Imaging description Varicose veins may be seen as round or oval soft tissue density masses on CT, particularly when they are seen on a plane perpendicular to its course. Typically, varicose veins are easily diagnosed with intravenous contrast material, which helps to detect the continuity between varicose veins and other venous structures, and to determine thetrue vascular nature of the varicose veins. However, when contrast is not administered or enhancement of the vein is poor due to early arterial phase or thrombosis, it may be confused with lymphadenopathy or another mass (Figure 91.1). Reformatted coronal or sagittal images along the course of the dilated vein will help to differentiate dilated veins from other pathologies. In patients with venous obstruction, knowledge of collateral pathways in chest, abdomen, and pelvis is essential to avoid misinterpretation. Importance Varicose veins are commonly encountered at cross-sectional imaging of the thorax and abdomen. These vessels can be mistaken for adenopathy, which could lead to improper staging of patients with cancer or unnecessary work-up for malignancy. Erroneous biopsy of varicose veins may lead to profound hemorrhage. Typical clinical scenario Varicose veins are enlarged and tortuous venous channels, which are commonly caused by retrograde flow due to incompetency of valves or obstruction to flow. Obstruction of the venous flow may be secondary to thrombus, external compression, or congenital. In patients with occlusion of the superior vena cavaand its tributaries, the collateral venous pathways are often categorized into four main pathways: lateral thoracic, internal mammary, azygos, and vertebral pathways (Figure 91.2). In the abdomen, internal mammary pathways form anastomoses with the superficial epigastric veins, which may be seen in the anterior abdominal wall of patients with superior vena cava obstruction (Figure 91.3). When the inferior vena cava is obstructed, the ascending lumbar vein, which drains into the azygos-hemiazygos system, may be dilated. Dilated azygos or hemiazygos veins can be confused with retroperitoneal, retrocrural, or paraspinal mass or adenopathy (Figure 91.4). In patients with portal hypertension, varicose veins may form in the esophagus or upper abdomen, and may simulate a mass or adenopathy (Figures 91.1 and 91.5).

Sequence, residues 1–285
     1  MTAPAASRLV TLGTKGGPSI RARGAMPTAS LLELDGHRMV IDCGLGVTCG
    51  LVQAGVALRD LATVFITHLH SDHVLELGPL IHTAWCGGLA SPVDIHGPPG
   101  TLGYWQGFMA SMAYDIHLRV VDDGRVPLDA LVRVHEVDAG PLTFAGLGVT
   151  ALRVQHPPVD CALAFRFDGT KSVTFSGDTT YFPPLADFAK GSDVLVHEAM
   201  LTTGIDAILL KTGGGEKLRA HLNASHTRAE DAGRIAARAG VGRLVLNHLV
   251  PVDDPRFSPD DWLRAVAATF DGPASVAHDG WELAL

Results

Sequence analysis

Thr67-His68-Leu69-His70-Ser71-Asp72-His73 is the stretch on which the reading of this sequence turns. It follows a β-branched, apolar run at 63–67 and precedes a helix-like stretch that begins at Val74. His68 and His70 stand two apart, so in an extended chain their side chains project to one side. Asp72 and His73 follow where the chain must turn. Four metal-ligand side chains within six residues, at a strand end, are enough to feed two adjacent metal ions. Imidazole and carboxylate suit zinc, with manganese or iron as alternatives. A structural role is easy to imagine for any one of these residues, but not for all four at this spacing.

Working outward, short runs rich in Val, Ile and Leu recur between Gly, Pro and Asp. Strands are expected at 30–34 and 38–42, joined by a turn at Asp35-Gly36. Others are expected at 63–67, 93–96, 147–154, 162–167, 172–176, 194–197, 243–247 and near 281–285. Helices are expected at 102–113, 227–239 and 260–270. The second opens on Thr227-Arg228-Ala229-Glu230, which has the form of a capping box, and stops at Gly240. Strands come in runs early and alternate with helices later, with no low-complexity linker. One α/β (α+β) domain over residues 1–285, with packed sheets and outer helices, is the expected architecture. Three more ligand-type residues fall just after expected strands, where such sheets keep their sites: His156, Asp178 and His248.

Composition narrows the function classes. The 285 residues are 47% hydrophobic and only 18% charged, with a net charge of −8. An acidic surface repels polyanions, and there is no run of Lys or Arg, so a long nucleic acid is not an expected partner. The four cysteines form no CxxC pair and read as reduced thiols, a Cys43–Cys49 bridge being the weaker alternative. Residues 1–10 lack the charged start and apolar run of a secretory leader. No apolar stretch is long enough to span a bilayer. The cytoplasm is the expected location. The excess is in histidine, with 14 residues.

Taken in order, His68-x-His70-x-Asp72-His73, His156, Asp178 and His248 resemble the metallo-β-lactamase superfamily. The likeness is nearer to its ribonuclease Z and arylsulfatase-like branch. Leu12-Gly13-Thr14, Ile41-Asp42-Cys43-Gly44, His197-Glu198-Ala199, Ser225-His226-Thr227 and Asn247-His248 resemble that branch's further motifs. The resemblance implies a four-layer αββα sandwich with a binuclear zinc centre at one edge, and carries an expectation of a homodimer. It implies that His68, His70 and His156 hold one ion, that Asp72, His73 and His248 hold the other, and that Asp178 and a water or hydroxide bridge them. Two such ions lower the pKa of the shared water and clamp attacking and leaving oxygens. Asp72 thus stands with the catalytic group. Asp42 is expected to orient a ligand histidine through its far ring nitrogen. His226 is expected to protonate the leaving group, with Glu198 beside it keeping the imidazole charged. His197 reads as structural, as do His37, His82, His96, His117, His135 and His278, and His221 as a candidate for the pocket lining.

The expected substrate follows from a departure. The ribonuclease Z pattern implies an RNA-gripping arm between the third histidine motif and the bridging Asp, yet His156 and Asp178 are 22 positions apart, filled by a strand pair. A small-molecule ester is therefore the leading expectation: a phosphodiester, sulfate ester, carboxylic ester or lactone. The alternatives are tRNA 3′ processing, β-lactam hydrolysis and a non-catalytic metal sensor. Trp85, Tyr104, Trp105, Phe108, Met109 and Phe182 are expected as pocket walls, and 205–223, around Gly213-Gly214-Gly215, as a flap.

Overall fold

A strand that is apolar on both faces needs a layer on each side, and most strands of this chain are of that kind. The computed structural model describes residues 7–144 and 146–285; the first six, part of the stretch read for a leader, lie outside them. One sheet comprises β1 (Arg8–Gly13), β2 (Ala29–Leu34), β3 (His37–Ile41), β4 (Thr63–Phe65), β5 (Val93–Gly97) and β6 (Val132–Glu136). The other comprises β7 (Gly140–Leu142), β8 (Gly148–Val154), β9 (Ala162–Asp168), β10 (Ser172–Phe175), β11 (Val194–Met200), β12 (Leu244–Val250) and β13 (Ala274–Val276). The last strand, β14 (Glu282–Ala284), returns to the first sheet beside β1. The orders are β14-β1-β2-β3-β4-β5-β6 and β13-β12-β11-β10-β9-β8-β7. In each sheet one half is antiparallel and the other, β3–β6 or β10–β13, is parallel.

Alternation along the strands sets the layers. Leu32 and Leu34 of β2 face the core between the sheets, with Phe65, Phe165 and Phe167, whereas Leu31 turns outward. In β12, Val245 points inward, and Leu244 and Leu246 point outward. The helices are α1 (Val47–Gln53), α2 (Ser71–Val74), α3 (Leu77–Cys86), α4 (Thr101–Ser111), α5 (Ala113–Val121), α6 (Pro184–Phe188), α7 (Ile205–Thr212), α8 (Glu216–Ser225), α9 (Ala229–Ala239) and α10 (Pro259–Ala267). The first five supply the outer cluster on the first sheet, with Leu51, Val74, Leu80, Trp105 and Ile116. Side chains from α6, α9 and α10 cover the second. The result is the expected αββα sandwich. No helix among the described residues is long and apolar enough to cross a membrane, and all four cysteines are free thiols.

|Original language||English (US)|
|Title of host publication||Pearls and Pitfalls in Cardiovascular Imaging|
|Subtitle of host publication||Pseudolesions, Artifacts and Other Difficult Diagnoses|
|Publisher||Cambridge University Press|
|Number of pages||4|
|State||Published - Jan 1 2015|
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